Lord, we thank you for those who enter public life
unafraid that they will be brought to judgement by everybody,
seeing it rather as an opportunity to bear witness.
“We may not be able to dictate to the world, but we must speak to the world out of our own frame of interpretation.” …Lloyd Best, Carifesta V, August 1992
Lord, we who belong to smaller nations
often feel ourselves standing before the great powers of the world and being judged by them.
Give us the grace to discover the wisdom and eloquence that you yourself have given us
and that no one can resist or contradict.
Lord, when we are young we think that we become great through our achievements. Life has taught us the truth of Jesus’ words:
It is by endurance that we win our lives.
Liturgical Resources for the Year of Luke
Introduction to the Celebration
Over the past months we have, each Sunday, being reading from St Luke’s telling of the good news of Jesus. We have heard him talk of how we are to live our lives, how we are to celebrate this meal, how we are to treat each other as baptised sisters and brothers. Today our thoughts move to the future: our future as individuals, as the community that is one body in Christ, and the ultimate destiny of the creation. As we come to the end of the year, it is a case that we now start thinking of ‘ends’ rather than ‘means’. We have been called by Jesus to move along our pilgrimage of life toward our final destination; so now let us fix our thoughts on that destination and ask the Father to forgive us our wanderings in other directions.
This is the opening of the Lukan version of ‘the synoptic apocalypse’ which is found in all three synoptic gospels. In both Matthew and Luke it follows the pattern found in Mark closely, and so it is an item which clearly had resonance in the early church in that both Matthew and Luke believed it had to be incorporated into their preaching. We have to read it as part of that strand of early Christianity that took over an apocalyptical outlook from their existing religious milieu in Second Temple. Given how diverse is the evidence for this outlook — not only this passage but the Book of Revelation, and a steady stream of such material which never became canonical but left its imprint on the church’s memory — we can conclude that this outlook was quite widespread among the first churches. However, this leaves a major question: was this future which was part of the message of John the Baptist, also part of the original message of Jesus? There is much in the gospels to suggest that this was a major point of difference between them: for John, the future was the great crunch from which the elect would escape; for Jesus, the future was the new creation of the Lord’s forgiveness. If this is the case what we have in the synoptic apocalypse is the position of a group who have moved from John to Jesus without realising that their apocalyptical outlook was something they had to leave behind. It is only by using such an hypothesis that we can account for the dissonance about the future which we find in the gospels: for the most part Jesus is preaching the coming of the Father’s kingdom of forgiving love, yet here we have the great crunch for all who are not part of the elect.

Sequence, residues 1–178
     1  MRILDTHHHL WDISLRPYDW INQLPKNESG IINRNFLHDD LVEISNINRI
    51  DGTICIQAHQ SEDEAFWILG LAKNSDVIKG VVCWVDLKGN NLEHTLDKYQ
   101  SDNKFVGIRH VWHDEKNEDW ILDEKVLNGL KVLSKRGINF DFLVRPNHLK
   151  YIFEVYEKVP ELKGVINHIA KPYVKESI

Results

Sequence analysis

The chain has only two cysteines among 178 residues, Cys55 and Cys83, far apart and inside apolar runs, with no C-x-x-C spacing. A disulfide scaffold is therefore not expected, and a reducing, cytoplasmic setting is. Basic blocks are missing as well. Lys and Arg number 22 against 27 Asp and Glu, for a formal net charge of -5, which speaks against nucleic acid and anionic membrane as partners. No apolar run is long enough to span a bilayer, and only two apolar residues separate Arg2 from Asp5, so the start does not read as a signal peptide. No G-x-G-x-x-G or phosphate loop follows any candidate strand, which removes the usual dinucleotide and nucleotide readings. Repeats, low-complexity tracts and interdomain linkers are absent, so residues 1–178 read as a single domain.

This dissonance produces a problem for our preaching. On the one hand, few mainstream Christians are prepared to take the apocalyptical approach that is found among fundamentalist TV evangelists; yet, this gospel does lend itself to that approach. On the other hand, if one ignores this gospel then it can appear that one is only ‘taking a partial view’ (even if such a partial view is probably closer to the preaching of Jesus. It is this confusion in message that has caused the tensions over ‘the end of the world’ that has afflicted Christianity down the centuries: do we look forward to a loving Father of mercy, or the stern patriarchal figure of impending wrath? So how can we preach this text, yet not contribute to the apocalyptic outlook which had always been firmly rejected by the church’s formal teaching?
One way is to concentrate comment on just the final verses of today’s lection: come what may, no matter how bad it might get, the universe is still loved by God and ‘not a hair of your head will be lost’. As such it is a story about hope in the face of adversity, rather than a piece of apocalyptic cosmology. This solution is, incidentally, not a new one; we see the same approach in use in the final sermon in the Didache (c 16), which was in use before Luke wrote his gospel, and which stressed the joy of the return of the Lord in conjunction with acknowledging the fears of those of an apocalyptic bent.
1. Karl Marx famously described religion as ‘the opium of the people’: a comforting message that distracted people from the horrors of life – and, as such, like most analgesics it could be said to be no bad thing. But the message of the gospel is radically at odds with any idea of a religion that it is there to quieten people down, act as a social glue to keep the show on the road, support the status quo, and help people to whistle past the graveyard.